It could be argued that there are no greater expressions of the great heights that spirits can reach than are reached by the aged French spirits of Cognac, Armagnac and Calvados. Each term refers to a specific region. Armagnac in the south-west of France, and Cognac near Bordeaux both make aged spirits from grapes. Calvados in the North makes aged spirits from apples. What they have in common is that old versions from a good producer are unmatched in the world for their lyrical complexities, their ability to transform themselves over forty minutes in a glass, taking the drinker on a journey. It could be equated to the life of a person: when it is poured in the glass it is a teenager, full of unrefined beauty and a lust for life, like a powerful, tight ball of emotions casting its energies wildly in any direction; soon the drink blossoms into its twenties, it becomes immediately more complex, still highly energetic, but showing more of what it is capable of; some minutes later and the drink has moved into its thirties and forties and has exchanged some of its youthful exuberance for the true extent of its character; further along the drink moves into middle age, its complexity remains, but is more focused and the noise has dropped to a more conversational level; finally, as half an hour drifts toward its autumn years, the flavour is deep and syrupy, the complexity remains but it is quiet complexity, beneath the surface of molasses, old wood and spices.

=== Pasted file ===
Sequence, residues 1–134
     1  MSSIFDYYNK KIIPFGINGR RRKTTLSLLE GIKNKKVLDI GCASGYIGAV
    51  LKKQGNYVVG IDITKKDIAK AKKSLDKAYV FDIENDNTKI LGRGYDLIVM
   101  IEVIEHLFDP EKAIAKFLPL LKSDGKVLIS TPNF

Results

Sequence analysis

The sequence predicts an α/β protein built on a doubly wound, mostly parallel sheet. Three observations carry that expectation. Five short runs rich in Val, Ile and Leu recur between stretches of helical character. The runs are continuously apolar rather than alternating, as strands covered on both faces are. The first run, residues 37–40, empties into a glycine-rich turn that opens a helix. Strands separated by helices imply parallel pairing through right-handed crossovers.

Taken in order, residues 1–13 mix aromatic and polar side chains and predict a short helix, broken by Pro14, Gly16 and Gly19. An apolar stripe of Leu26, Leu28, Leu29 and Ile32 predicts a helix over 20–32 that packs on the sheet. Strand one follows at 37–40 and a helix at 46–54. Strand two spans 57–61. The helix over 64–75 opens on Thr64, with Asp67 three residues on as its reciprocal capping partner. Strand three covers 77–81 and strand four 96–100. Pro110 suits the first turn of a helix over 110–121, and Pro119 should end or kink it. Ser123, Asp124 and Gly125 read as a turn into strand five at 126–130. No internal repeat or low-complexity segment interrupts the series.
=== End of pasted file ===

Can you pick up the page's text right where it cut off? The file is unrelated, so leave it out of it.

Spirited Tales Cognac, Armagnac and Calvados tastings can focus on one of the borader categories, on sub-regions or specific grape varietals within Cognac, Armagnac and Calvados, or cover an overview of the three. The focus in all of these tastings is to concentrate on fine spirits and therefore we taste fewer brandies but in slightly larger quantities to allow the class to experience the type of journey described above.